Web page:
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McCourt Gives Up Land

February 28, 2006|Greg Johnson | Times Staff Writer

As expected, Frank McCourt has agreed to turn over 24 acres of Boston land to News Corp. in a deal that clears a $145-million loan obligation and ends the media giant's direct involvement with the Dodgers.

McCourt and News Corp., in a statement issued Monday, said the Dodger owner "has agreed to sell the property in the Seaport District of Boston to News Corporation." With the transaction, the statement said, McCourt "has fulfilled all obligations incurred with the purchase of the Los Angeles Dodgers ..."

McCourt and News Corp. on Monday declined to discuss the specific financial terms of the deal.

Word that McCourt intended to settle his obligation by handing over the land surfaced early in January. Many in the Boston development industry were surprised that McCourt would agree to surrender land he held for 25 years. But McCourt said this month that he had relocated his Boston-based development business to Southern California.

McCourt used the land near the Boston waterfront as collateral for a short-term, $145-million loan that News Corp. made to him two years ago when he acquired the Dodgers for $421 million.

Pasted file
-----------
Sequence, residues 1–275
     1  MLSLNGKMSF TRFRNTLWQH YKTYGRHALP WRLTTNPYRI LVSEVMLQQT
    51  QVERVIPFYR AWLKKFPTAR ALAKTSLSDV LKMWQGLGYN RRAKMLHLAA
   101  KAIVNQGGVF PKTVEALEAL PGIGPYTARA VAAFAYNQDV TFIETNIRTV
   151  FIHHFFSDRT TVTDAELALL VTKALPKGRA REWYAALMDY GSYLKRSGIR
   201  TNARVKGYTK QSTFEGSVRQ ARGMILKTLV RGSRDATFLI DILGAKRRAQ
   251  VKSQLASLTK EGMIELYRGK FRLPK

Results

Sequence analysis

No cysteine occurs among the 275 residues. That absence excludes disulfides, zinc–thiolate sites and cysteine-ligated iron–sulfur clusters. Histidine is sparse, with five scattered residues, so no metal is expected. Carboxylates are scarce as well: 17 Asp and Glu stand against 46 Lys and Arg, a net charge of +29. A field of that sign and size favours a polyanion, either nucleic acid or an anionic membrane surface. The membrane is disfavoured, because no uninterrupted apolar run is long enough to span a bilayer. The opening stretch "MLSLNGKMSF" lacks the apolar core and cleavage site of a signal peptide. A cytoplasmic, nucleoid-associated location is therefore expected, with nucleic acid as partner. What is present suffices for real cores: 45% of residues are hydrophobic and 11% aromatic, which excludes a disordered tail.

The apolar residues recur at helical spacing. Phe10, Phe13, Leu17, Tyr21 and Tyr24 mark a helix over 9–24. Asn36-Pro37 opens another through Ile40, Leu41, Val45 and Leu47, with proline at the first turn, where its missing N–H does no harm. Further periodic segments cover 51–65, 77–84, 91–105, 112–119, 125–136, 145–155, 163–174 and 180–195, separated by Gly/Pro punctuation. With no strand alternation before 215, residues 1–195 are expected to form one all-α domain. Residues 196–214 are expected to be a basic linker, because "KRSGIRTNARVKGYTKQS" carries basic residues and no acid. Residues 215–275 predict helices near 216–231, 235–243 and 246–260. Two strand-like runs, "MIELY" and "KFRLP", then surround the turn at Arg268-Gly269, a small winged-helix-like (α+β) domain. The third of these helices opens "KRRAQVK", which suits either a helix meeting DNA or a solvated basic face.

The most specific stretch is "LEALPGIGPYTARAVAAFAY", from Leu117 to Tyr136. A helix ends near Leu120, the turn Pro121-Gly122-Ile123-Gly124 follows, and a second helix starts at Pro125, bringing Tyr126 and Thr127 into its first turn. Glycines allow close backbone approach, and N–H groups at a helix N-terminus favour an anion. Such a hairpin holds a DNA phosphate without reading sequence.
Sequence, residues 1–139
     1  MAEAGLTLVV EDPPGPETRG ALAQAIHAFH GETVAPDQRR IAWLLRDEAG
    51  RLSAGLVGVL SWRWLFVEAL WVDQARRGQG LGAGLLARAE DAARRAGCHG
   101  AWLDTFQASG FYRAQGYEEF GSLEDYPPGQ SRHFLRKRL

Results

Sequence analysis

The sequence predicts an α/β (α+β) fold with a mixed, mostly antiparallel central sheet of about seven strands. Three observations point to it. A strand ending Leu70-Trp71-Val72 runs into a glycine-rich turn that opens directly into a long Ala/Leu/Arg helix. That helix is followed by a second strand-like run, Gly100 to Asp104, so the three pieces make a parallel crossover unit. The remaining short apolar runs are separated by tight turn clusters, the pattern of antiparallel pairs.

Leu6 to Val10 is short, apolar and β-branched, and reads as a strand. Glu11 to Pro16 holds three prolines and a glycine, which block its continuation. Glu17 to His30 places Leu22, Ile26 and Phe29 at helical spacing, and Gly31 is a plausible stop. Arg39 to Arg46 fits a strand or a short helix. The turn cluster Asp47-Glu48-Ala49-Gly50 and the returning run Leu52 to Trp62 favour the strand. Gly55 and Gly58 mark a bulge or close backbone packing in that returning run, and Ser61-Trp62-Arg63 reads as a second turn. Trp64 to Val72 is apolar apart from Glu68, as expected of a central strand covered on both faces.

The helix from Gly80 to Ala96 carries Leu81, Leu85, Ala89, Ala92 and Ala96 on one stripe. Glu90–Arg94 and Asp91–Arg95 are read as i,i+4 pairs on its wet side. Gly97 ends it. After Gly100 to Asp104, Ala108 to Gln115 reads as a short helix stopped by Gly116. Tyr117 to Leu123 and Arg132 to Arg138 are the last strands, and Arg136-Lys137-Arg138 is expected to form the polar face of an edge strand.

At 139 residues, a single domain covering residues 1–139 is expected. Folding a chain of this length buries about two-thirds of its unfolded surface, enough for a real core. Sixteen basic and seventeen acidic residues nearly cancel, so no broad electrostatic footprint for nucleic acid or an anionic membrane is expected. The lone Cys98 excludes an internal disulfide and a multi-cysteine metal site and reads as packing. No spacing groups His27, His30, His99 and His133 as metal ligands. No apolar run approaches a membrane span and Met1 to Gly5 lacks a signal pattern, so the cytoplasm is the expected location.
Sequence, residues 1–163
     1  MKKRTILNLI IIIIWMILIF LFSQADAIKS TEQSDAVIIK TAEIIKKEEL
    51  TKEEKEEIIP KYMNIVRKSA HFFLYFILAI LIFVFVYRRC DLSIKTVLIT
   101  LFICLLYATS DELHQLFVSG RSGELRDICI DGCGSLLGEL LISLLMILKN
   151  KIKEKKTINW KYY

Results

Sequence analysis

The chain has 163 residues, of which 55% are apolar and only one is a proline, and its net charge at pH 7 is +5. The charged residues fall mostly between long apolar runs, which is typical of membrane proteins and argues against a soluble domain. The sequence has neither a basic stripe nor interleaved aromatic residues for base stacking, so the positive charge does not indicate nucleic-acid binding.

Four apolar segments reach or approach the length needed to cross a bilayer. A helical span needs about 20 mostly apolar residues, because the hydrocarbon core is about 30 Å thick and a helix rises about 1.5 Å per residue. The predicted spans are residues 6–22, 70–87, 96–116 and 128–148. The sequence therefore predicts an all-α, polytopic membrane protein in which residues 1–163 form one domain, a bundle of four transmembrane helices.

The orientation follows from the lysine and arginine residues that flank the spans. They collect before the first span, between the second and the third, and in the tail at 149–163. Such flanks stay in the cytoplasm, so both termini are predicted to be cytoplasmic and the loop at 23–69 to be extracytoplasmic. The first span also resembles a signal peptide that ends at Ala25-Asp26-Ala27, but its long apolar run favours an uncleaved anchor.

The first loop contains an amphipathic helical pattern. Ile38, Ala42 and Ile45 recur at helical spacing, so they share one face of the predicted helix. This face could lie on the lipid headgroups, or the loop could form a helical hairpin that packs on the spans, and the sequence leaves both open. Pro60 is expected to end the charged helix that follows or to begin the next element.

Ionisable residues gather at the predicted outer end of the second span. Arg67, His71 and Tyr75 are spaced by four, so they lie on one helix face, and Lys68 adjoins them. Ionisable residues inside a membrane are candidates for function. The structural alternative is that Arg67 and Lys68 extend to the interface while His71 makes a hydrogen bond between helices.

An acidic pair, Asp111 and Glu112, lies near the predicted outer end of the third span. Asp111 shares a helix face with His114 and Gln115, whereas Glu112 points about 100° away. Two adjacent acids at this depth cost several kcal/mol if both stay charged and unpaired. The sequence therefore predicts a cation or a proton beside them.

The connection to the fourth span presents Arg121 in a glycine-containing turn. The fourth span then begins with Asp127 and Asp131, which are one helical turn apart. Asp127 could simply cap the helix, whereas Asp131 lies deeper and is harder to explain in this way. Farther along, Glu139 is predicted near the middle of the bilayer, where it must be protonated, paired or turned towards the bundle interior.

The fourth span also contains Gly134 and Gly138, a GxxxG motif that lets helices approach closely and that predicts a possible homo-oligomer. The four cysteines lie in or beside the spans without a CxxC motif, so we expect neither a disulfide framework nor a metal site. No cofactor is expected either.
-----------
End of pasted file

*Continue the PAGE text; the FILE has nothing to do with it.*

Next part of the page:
McCourt bought most of the land 25 years ago for less than $8.5 million. He had used the land as collateral for a separate $36-million loan, and also had agreed to pay about $22 million for an adjacent parcel. News Corp. will assume those financial obligations.

Though News Corp.'s Fox Entertainment Group subsidiary continues as the team's long-term television partner, the transaction signals the company's exit from the baseball business it entered in 1998 by purchasing the Dodgers from the O'Malley family for $311 million. Fox failed to turn a profit with the team for several years before selling it, along with land at Chavez Ravine and other properties, to McCourt.

News Corp. spokesman Andrew Butcher said the media company intends to hold onto the land. The company will work with a developer to build out the property that, for years, has been used for parking lots. "We'll be talking to Boston City Hall very soon," Butcher said.

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